Issue 69 | The Sun Magazine

August 1981

Readers Write

Favorite Recipes

Homemade kahlua, Micronesian chicken (chicken kelaguen), apple sauce cake

By Our Readers


Somehow the realization that nothing was to be hoped for had a salutary effect upon me. For weeks and months, for years, in fact, all my life I had been looking forward to something happening, some extrinsic event that would alter my life, and now suddenly, inspired by the absolute hopelessness of everything, I felt relieved, as if a great burden had been lifted from my shoulders.

Henry Miller, Tropic of Cancer

Essays, Memoirs, & True Stories

Do It. Expand!

Thaddeus Golas’ Enlightening Thoughts On . . . Enlightenment

Maintain the intention to be expanded.

By Thaddeus Golas
Essays, Memoirs, & True Stories

Two From The Outside, With Feeling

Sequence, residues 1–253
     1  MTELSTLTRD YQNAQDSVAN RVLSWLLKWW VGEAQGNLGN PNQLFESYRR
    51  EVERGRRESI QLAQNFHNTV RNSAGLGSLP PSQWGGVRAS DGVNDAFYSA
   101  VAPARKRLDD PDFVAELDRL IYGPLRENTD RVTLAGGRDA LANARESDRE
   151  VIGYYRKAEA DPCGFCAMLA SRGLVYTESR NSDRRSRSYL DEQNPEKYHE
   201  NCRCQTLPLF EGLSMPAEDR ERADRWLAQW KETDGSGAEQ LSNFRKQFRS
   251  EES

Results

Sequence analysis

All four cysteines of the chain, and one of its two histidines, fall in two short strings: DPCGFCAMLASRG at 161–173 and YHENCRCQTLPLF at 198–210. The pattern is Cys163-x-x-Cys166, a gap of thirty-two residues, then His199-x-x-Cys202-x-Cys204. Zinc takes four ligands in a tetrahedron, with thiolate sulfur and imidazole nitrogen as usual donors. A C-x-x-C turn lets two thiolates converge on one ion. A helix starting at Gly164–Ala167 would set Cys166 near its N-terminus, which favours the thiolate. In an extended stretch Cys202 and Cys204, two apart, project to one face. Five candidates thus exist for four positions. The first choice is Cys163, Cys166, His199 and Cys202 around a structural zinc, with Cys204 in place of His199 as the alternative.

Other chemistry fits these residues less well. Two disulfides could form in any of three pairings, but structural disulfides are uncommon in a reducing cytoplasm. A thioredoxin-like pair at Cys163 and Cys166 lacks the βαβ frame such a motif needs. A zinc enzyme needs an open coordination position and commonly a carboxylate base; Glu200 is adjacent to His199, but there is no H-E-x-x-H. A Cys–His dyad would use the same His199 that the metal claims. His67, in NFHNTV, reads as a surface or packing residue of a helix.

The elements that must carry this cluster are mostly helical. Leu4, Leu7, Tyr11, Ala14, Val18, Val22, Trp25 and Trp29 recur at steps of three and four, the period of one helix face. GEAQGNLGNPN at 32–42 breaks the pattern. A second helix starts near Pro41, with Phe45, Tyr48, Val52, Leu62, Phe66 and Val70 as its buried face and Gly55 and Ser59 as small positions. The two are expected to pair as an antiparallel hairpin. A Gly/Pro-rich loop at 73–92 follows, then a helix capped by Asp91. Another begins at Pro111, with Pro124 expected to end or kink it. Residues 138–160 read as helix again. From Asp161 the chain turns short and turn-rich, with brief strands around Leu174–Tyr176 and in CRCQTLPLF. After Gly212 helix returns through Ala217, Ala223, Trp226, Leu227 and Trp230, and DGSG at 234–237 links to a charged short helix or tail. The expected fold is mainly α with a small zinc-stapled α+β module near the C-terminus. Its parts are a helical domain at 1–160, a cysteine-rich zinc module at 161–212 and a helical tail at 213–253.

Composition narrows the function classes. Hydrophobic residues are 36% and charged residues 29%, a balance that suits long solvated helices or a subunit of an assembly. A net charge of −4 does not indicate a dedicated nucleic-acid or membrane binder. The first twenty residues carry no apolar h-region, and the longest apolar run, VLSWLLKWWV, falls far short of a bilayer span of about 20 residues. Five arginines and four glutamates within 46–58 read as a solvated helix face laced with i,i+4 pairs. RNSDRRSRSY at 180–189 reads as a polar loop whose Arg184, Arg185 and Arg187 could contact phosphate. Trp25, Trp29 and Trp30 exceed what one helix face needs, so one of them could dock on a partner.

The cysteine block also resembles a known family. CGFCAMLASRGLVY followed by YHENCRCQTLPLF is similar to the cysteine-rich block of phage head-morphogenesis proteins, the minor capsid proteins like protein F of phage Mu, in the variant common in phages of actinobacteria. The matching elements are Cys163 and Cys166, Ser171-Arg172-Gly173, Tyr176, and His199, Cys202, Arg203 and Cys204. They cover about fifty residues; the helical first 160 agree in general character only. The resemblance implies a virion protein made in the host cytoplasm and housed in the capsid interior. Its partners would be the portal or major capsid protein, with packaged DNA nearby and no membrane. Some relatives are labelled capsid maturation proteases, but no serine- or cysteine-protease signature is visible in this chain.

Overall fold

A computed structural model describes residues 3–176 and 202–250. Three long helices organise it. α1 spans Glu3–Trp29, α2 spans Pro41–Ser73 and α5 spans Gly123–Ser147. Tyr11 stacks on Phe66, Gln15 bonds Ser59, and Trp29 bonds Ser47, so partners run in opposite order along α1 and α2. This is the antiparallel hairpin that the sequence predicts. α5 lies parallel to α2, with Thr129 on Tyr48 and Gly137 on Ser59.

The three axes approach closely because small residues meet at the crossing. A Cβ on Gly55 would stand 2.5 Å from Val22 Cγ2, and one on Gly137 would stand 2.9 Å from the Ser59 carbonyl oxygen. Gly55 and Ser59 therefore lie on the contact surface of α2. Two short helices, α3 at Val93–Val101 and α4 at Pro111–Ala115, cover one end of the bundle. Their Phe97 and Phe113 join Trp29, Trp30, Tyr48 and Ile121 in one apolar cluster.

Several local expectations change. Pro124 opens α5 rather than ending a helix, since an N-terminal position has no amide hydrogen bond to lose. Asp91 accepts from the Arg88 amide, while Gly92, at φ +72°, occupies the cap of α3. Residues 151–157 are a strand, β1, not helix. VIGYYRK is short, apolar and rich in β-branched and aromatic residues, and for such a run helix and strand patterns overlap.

Then the coup de grace. Al Wood, driving, one on one against Sampson. Sampson leaps to block as Al Wood pumps, slides under the basket and drops in a reverse lay up. When consciousness returns, Al Wood has 39 points, the Heels win by 13, and however fate would play its dirty game, the world is turned right side up. Naked people dance on Franklin Street.

By Leonard Rogoff


They dragged him to a pit and cast him in and he was left there to watch dawn turn to dusk every day for 98 rounds of the earth’s turning, mentally circulating all possible excuses why nothing ever got done until finally all rationalization sickened him.

By Wayne Perras

Three Stories

Harmal believed that the doorway to his house was a symbol of both birth and death, as those who walked into the house through the doorway were born into the world of Harmal’s house, while those who walked out were dead to that world.

By Thomas Wiloch


We know something at the same time — we need to get out quick, Hal is already out, and Chuck is out on the other side, Anne and I are scrambling out, then we’re in the middle of the road in a little group, all looking at the illuminated bird. As the bird stands still in the air, I get an old ecstatic feeling of being overcome.

By Pat Ellis Taylor